- Organizational Independence and Visibility- Just as most Audit functions have a corporate responsibility to the CEO and Board of Directors, so it is the case with most successful corporate PM organizations. By the very nature of their reporting relationship to the CEO (or equivalent), they eliminate the very conflict of interest with specific business functions that can compromise more integrated and synergistic solutions from occurring.
- Strategically Balanced– Their charter is driven by the Firm’s Balanced Scorecard, rather than limited subsets of operating metrics that may yield more limited operational successes at the expense of the more balanced set of business outcomes desired by shareholders
- Non-Threatening- While their ultimate customer is the CEO, they view operating executives as a key enabler of, and partners in, their collective success. They do this by addressing issues and performance gaps in a way that makes the operating unit become successful in the eyes of the Firm’s C-Suite and Board, rather than their own visible value add.
- Removing Barriers- One way they become viewed as genuine partners with operating management is that they use their corporate visibility and influence to break down barriers (like corporate politics, access to information, and cultural roadblocks) and unlock value that has often eluded operating management.
- Inclusive and collaborative– Good PM functions are inclusive, not only with respect to their approach, but also in their delivery tactics. They often staff their departments with people from the operating units themselves (using short term and rotational assignments), increasing their operating credibility and ultimately developing real PM champions across the business.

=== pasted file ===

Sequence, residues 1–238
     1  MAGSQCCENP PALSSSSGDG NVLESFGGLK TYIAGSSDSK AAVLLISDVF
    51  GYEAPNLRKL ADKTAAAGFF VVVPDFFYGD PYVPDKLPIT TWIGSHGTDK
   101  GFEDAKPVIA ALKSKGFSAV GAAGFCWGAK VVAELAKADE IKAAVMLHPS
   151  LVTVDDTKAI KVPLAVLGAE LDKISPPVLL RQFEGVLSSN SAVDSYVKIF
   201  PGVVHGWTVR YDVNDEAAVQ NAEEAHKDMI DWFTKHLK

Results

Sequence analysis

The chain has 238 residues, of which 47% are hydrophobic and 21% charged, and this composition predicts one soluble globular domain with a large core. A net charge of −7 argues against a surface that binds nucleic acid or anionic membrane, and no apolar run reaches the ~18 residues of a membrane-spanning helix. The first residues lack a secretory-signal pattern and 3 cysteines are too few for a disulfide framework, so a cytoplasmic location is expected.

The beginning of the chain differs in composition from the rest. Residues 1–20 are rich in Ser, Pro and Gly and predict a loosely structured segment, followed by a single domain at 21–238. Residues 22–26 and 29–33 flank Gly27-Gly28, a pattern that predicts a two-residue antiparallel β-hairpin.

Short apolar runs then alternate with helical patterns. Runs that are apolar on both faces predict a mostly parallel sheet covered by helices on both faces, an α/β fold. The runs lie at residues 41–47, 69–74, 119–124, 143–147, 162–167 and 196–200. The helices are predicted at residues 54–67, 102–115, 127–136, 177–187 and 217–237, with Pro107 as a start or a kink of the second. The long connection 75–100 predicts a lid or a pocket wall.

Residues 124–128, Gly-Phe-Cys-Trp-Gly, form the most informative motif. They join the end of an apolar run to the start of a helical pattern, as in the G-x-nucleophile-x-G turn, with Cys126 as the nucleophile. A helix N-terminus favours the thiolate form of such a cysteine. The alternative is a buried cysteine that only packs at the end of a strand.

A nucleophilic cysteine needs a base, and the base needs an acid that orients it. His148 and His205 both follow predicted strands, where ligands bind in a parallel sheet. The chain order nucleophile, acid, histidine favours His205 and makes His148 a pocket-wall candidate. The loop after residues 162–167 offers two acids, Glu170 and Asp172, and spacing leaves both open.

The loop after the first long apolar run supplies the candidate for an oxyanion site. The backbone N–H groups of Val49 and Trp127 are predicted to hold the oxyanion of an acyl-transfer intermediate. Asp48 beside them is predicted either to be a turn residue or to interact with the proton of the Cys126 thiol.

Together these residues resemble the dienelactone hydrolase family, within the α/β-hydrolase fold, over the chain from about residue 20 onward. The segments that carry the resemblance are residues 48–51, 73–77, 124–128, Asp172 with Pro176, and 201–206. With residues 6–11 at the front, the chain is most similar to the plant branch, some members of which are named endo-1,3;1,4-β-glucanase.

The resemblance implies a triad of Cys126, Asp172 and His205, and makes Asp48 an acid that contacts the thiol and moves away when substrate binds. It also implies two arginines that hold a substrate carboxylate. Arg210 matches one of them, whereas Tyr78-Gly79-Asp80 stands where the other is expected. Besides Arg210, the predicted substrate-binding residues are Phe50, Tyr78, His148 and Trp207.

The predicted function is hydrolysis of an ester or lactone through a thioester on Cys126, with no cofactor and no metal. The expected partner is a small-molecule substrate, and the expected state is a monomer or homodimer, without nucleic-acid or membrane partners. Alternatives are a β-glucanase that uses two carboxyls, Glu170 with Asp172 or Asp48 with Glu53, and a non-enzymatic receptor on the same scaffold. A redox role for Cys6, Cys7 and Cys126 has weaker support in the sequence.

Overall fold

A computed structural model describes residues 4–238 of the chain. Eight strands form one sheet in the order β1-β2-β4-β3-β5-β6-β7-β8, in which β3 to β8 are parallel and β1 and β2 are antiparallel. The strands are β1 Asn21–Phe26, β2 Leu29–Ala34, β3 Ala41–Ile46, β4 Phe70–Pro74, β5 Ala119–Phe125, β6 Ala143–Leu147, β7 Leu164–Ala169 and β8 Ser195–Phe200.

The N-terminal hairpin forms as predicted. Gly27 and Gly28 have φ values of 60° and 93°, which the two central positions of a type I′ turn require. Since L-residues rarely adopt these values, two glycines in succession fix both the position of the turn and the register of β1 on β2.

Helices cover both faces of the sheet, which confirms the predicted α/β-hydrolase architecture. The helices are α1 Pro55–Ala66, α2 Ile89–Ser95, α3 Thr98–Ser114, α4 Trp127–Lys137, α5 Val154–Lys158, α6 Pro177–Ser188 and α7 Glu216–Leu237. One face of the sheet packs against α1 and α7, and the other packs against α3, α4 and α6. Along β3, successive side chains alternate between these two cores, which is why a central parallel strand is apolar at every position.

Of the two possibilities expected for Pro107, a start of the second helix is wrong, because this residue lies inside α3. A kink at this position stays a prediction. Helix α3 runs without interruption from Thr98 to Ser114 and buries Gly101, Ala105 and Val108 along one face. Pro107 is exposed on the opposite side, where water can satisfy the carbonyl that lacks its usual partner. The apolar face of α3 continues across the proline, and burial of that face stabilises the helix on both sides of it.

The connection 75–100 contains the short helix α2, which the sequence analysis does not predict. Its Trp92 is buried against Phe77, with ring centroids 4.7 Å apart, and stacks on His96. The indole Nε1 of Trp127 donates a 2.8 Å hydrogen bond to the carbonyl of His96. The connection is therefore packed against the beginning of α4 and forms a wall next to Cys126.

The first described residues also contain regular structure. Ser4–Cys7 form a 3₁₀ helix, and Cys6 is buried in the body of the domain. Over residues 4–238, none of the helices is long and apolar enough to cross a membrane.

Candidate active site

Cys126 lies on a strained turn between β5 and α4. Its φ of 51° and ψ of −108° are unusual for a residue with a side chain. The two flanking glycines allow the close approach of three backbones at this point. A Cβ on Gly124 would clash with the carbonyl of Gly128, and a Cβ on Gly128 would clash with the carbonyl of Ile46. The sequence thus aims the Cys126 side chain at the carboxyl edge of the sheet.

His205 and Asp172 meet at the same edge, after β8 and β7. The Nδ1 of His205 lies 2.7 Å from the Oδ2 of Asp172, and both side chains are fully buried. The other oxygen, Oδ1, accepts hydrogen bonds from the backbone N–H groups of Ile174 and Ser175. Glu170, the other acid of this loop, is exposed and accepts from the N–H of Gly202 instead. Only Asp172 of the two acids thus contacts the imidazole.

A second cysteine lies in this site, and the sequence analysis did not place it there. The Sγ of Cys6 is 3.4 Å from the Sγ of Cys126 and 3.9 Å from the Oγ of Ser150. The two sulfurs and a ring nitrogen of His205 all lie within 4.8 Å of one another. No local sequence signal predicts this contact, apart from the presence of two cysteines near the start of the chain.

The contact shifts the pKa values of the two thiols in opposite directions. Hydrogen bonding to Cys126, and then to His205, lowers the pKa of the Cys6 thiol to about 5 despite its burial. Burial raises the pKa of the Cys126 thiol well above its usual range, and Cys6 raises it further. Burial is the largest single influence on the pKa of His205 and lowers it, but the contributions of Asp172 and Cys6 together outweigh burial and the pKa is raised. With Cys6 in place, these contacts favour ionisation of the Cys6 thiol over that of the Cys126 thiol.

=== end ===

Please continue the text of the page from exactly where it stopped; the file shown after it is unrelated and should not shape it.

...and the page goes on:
- Facilitative– These functions are far more facilitative in their approach, rarely performing direct roles in developing conclusions and implementation. While results are often the same as those they might have developed themselves, playing a background role and “leading” the operating staff to the right answers ultimately strengthens operating ownership for the conclusions and changes that ultimately emerge.
- Share the Joy– Good PM organizations are often generous in giving credit for operating changes directly to operating executives. While they are successful at tracking corporate value delivered by the PM process, the credit for the implemented changes is often given directly to those who implement it.
The "bad cop" perception that is often ascribed to corporate oversight functions will never get eliminated completely, and will continue to be a factor as Corporate PM groups proliferate across the industry. By its very nature, there will always be times where their responsibility to the CEO and Board will result in the development of recommendations or the presentation of information that benefits the collective whole, rather than the specific interests of a particular business unit. But more often than not, the type of synergistic value we are looking for can make heroes out of operating executives while still benefiting the collective Enterprise.
So on this Independence Day, let’s remember that we can still preserve the independence and objectivity our profession requires, while being a strong force that liberates and frees our operating executives to reach their goals and ultimate potential.